Anglo-Irish relationships are currently at a better state of equilibrium than I can remember them at practically any other stage in a long life of researching the outcome of the entanglement of British and Irish history.
Naturally, I would like to see them not merely stay that way, but see the current harmonious situation, which owes so much to the Good Friday Agreement, being built on and improved.
I therefore find it appalling that there seems to be no advertence on the part of what might be termed the Ukip mind-set, which advocates leaving the EU, of the risk to Anglo-Irish friendship posed by Brexit.
Let's be clear about it. These people are proposing that customs posts should be rebuilt in nationalist areas in Northern Ireland. Omeath, Jonesborough and border areas from Crossmaglen to the Foyle are the sort of places where such structures will be erected if Britain leaves the EU.
Are the Brexit people really serious about calling for fresh courses of IRA ballads like 'A Bonfire on the Border'?
This is a wrong and a dangerous position. A key component of the Good Friday Agreement for republican doubters was the prospect of closer north-south links through the cross-border bodies.
In fact, this prospect proved to be more apparent than real.
The most meaningful cross-border body that we have seen in operation produced the malodorous Nama/Cerberus deal.
And what most Irish people don't realise is that, bad as what occurred appears to be, it is far from the end of the story.
Some of the ideologues of unionism apparently attempted to return to the bad old days of discrimination and gerrymandering by attempting to go behind the Good Friday Agreement and denature the MacBride principles, which prevent US companies from investing in areas where discrimination is practised.
It is a long story, which would take us from the main argument against supporting the Leave campaign; suffice to say that only the vigilance of Irish-Americans in Florida prevented a breach occurring in MacBride.
Peace, like liberty, requires eternal vigilance. The economic reasons for the six counties staying in the EU apply to that area as much as they do to the 26.
Unionist politicians have proved demonstrably incompetent at replacing the smoke-stack industries with the sort of cutting-edge, job-creating technology which the IDA has brought to the South.
It would be argued that some progress has been made by the Northern authorities but no one can deny the heavy dependency on agriculture that still exists in the six counties.
Agriculture needs the EU in the North as much as the South - the current anxieties over bad advice on investment in milk production notwithstanding.
But unionist politicians are ideologically averse to looking at the bigger investment picture outside of state investment.
I spoke at the headquarters of the American Mutual Corporation, whose then CEO put his hand in his pocket to bring Gusty Spence and other loyalist leaders to America so that they could see for themselves that Irish-Americans were acting for peace, not the Pope.
The loyalists were impressed with the sincerity of those they met and subsequently furthered the peace process.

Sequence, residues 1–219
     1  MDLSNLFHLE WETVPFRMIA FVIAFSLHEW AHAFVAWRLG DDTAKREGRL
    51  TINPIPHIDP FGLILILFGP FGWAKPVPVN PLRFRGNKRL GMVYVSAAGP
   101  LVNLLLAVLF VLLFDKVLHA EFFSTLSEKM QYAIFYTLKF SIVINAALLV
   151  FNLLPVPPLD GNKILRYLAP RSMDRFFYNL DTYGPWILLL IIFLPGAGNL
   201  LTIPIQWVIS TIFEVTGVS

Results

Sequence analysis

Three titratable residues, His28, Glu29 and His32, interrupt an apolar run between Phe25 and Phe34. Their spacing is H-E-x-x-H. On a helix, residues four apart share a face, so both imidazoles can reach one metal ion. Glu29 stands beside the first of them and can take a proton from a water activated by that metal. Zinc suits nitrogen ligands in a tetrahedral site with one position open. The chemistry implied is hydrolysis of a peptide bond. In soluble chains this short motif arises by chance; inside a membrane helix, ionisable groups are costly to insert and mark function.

But a couple of weeks before my talk, David Trimble, the Unionist Party leader, talked at the same venue to warn his stunned audience that the peace process was a dangerous beast which could lead to job losses in the security industry.
Similarly, at the outset of the referendum campaign, the current DUP leader, Arlene Foster (pictured), plunged in unthinkingly to announce her support for the Leave campaign.
This is a dangerous and wrong course for any Northern Irish political leader.
It is probable that had the present generation of republican leadership, which vigorously negotiated and defended the Good Friday Agreement, been older at the time of Sunningdale, the then young braves would have accepted that formula.
So what was the war for, ask theoretician republicans within the movement.
But they grudgingly accept the agreement in the manifest absence of any other credible alternative and accept the proposition that through increased trade and co-operation, the benefits in peace will ultimately move towards a united Ireland.
Trying to sell this argument to a new generation of republicans in Crossmaglen and Cullyhanna becomes dangerously more difficult when the argument is countered by the sights and sounds of new border posts being erected.
So far, dissident republicanism has made little or no headway because of the calibre of some of those involved and the taint of the drugs trade.
But border posts would certainly provide a convincing debating argument for those who asked what was the war for, but nevertheless gave the peace process a chance.
A sizeable segment of respectable republican opinion reluctantly settled for a half a loaf, rather than no bread, but they also settled for hands across the Border, not barriers.
The Government should stop pussyfooting about canvassing British opinion.
The recent Stakeknife revelations should remind us what could happen if the Good Friday Agreement goes pear-shaped.
If Britain does leave the European Union, the worst-case scenario should be that any new border checkpoints should be built at places such as ports, where goods and people leave for England - not through the heartland of nationalist Ireland.